She is a great author, but I did not realize that this was a book of short stories and essays about the author. The on Vorkosigan story is one that I have already read and the other short stories are from when she had just started writing. I do like to hear about her creative process and a few insights into where her story ideas come from, but not in a book.
Aug 30, 2014 Olgalijo rated it it was amazing
Seriously mandatory read for all you Bujold nerds out there. I didn't only like getting to know where Fat Ninni comes from, or when Cordelia Naismith's name appears for the first time. I also enjoyed reading Bujold's essays, and came to realize that I not only like her books. I like her a lot as a person too (which is not necessarily true with all writers).
Apr 23, 2015 Amy marked it as to-read
I read the first short story, and felt "meh". I didn't really get a feel for what this writer is all about, and with all the other books I'm reading right now, I decided I wasn't into it enough to pressure myself to read it. I might try it again later, but for now I'm done.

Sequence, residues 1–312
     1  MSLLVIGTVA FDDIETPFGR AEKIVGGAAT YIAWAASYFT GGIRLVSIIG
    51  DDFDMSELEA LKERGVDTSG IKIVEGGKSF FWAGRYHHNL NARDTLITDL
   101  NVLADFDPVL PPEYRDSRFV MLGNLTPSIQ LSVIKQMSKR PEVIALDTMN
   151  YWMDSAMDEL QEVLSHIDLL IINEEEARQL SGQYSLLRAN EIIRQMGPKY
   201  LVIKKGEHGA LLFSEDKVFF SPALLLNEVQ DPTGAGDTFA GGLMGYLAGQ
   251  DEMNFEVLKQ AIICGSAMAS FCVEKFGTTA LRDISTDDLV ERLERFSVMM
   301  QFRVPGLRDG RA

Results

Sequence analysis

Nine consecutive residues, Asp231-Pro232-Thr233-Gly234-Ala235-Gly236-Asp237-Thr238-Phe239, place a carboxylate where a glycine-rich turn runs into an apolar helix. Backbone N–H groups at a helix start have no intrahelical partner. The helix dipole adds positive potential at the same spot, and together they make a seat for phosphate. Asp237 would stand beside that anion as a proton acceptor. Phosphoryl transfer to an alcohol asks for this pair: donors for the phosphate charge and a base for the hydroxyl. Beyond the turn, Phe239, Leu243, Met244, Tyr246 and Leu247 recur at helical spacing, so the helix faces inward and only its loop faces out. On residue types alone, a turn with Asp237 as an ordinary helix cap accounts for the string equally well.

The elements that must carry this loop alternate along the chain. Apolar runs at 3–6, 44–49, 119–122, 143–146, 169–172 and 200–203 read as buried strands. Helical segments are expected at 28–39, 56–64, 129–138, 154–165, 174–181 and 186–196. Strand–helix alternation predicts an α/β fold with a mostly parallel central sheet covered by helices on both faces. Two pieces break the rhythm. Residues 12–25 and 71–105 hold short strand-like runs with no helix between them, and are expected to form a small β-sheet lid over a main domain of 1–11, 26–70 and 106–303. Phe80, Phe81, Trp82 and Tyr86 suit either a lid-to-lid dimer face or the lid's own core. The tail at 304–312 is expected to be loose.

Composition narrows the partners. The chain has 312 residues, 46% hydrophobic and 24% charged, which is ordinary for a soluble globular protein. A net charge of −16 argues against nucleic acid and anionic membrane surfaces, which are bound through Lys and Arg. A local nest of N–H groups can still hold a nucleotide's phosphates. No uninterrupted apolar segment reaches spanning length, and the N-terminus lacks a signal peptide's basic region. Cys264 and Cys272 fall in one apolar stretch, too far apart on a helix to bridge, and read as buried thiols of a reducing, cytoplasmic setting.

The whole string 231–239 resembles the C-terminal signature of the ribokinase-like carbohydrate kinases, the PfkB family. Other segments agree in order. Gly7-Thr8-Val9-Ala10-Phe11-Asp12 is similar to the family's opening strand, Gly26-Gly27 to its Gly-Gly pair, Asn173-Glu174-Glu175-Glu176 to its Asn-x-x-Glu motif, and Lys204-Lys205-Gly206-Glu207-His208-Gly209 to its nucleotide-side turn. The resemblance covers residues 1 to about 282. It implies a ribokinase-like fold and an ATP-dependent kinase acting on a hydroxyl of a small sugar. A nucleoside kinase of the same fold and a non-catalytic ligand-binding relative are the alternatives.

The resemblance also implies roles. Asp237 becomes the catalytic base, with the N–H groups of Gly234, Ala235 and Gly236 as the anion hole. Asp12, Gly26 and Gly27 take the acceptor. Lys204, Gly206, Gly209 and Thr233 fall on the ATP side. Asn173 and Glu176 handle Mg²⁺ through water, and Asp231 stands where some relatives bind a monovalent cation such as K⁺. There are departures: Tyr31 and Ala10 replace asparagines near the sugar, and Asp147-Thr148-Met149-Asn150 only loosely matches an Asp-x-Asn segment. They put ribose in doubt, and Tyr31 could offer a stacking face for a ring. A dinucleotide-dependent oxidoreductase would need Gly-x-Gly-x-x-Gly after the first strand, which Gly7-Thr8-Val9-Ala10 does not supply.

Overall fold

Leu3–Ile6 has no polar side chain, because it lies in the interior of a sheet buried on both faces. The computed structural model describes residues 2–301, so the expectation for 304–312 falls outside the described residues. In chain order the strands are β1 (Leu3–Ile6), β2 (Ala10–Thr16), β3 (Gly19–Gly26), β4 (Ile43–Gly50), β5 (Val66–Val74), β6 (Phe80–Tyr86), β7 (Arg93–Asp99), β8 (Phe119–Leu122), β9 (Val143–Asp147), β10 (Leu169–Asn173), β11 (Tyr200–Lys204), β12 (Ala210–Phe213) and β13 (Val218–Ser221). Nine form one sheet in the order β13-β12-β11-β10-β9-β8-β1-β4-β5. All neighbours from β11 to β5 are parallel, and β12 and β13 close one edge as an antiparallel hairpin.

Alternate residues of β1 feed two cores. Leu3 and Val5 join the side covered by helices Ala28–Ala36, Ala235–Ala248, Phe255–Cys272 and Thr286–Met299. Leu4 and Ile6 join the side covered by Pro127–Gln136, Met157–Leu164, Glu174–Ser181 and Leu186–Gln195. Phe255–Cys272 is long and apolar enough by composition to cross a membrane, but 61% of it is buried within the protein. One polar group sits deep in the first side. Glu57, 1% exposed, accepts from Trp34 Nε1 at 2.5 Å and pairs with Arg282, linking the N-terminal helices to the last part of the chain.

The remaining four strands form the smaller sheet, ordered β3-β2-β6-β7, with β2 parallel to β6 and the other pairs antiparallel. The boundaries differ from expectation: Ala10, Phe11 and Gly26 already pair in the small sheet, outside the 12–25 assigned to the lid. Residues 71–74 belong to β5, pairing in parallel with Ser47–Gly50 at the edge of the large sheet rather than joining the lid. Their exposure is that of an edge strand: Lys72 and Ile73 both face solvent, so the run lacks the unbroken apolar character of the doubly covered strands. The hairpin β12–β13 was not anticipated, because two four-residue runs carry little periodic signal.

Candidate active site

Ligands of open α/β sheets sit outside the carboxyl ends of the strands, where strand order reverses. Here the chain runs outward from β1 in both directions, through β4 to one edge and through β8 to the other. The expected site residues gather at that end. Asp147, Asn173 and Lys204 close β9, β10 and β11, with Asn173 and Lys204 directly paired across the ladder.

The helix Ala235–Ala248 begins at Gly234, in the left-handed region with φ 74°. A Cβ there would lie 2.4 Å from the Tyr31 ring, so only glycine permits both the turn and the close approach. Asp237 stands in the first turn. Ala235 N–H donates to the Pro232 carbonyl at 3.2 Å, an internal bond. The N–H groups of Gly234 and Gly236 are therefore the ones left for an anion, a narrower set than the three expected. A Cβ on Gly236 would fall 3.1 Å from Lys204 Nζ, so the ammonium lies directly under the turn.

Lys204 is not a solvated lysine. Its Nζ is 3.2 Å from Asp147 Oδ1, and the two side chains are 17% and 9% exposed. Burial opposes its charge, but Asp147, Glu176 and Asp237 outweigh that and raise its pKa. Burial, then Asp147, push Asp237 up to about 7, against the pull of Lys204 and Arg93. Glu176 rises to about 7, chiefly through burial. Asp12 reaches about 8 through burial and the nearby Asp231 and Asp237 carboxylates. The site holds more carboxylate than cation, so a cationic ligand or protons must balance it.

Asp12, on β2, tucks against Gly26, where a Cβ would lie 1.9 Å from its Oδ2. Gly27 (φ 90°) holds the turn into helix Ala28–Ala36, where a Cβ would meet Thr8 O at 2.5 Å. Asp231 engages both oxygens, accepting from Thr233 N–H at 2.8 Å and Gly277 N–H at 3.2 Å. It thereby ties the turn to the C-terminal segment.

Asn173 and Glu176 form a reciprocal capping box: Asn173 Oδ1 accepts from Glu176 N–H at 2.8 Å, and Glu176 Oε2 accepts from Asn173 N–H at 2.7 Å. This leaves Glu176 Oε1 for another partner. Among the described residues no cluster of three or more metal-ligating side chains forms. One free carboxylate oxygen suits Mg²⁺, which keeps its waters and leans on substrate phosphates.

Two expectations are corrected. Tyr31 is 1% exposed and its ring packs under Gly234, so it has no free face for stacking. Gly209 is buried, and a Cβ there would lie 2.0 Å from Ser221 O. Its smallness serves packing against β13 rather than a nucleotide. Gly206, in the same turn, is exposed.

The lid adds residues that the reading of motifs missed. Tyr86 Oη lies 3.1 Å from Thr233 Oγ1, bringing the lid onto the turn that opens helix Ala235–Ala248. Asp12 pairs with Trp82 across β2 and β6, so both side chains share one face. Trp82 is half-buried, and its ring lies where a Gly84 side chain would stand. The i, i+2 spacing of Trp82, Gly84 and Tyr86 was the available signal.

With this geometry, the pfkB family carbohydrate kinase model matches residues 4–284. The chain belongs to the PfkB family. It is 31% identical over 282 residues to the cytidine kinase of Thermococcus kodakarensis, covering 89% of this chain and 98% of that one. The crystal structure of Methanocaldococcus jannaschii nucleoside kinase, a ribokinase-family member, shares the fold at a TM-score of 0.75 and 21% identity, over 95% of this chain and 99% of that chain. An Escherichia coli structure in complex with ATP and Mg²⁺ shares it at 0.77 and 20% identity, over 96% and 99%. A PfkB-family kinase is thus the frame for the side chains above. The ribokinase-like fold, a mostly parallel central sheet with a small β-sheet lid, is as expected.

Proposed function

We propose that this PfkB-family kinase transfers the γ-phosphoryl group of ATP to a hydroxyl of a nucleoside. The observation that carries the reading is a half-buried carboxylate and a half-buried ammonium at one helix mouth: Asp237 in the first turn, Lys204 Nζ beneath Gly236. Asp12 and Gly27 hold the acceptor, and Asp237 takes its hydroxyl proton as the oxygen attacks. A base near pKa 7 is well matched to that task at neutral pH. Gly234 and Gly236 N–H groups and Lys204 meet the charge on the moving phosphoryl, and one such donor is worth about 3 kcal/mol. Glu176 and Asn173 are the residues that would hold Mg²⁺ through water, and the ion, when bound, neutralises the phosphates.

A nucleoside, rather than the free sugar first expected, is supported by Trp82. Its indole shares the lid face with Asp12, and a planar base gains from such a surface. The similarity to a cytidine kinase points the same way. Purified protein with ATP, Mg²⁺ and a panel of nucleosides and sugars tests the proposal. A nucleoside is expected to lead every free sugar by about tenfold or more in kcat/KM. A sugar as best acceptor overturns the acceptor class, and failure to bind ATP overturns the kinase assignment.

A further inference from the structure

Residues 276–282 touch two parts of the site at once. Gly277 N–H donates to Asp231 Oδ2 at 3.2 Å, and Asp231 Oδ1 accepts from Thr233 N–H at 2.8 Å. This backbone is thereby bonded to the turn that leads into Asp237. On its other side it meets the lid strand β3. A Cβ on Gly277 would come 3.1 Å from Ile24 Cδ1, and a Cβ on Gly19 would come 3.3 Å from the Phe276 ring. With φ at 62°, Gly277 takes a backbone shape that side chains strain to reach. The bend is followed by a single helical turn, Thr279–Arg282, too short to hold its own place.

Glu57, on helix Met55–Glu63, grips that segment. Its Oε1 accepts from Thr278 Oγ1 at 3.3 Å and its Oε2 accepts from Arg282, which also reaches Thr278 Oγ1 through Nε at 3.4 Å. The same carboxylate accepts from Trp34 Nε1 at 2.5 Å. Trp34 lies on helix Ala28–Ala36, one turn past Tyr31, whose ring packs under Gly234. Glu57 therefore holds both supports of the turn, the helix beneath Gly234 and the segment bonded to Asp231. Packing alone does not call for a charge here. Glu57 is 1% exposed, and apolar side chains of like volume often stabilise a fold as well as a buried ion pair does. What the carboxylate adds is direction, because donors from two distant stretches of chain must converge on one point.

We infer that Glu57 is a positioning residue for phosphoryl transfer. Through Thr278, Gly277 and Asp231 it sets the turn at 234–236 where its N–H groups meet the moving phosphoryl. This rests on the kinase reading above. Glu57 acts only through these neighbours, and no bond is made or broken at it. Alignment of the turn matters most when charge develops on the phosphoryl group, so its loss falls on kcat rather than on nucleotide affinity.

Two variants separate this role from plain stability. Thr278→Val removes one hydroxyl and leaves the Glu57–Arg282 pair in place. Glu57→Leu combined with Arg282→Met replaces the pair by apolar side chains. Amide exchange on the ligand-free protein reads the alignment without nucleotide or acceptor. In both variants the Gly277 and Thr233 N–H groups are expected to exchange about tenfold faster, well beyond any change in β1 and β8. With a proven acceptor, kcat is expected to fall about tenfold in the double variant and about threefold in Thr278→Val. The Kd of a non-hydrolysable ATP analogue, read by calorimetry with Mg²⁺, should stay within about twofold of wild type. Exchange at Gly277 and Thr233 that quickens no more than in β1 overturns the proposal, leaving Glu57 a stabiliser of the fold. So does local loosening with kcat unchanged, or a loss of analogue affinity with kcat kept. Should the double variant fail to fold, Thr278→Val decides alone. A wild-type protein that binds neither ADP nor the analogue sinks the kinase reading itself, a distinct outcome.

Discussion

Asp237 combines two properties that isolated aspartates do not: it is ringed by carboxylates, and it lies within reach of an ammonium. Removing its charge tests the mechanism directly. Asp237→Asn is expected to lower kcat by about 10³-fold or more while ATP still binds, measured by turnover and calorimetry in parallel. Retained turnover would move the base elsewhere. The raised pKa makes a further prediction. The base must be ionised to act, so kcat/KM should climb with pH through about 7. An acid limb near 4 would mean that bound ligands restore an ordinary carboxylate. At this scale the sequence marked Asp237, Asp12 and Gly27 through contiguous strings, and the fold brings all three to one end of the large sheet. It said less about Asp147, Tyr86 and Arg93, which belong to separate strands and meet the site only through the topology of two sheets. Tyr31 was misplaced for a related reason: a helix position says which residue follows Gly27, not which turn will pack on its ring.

May 18, 2014 Jenee rated it really liked it
The first half of the book was fiction, and showed the literary origins of the Vorkosigan saga. Highly recommend. The second half was a non-fiction, memoir/ writing advice, and wasn't quite what I was looking for. Still, very interesting!
Joel Sassone
Some short stories of various quality levels from early in the author's career. Actually, the rather short essays about writing are probably the most interesting part of this collection. Recommended for Bujold or Miles fans. 3/5 stars.
Sep 13, 2012 Michael rated it liked it
Short stories, all good. If you just wanna dabble your toes in Lois, this is a good start. Me, I dove in headfirst.
Sep 13, 2008 Tricia rated it liked it
Shelves: sci-fi-fantasy
Not all writers in anthology up to Bujold's weight class. Not Bujold's most shining effort, either.
Dan Arthur
Mar 15, 2013 Dan Arthur rated it it was amazing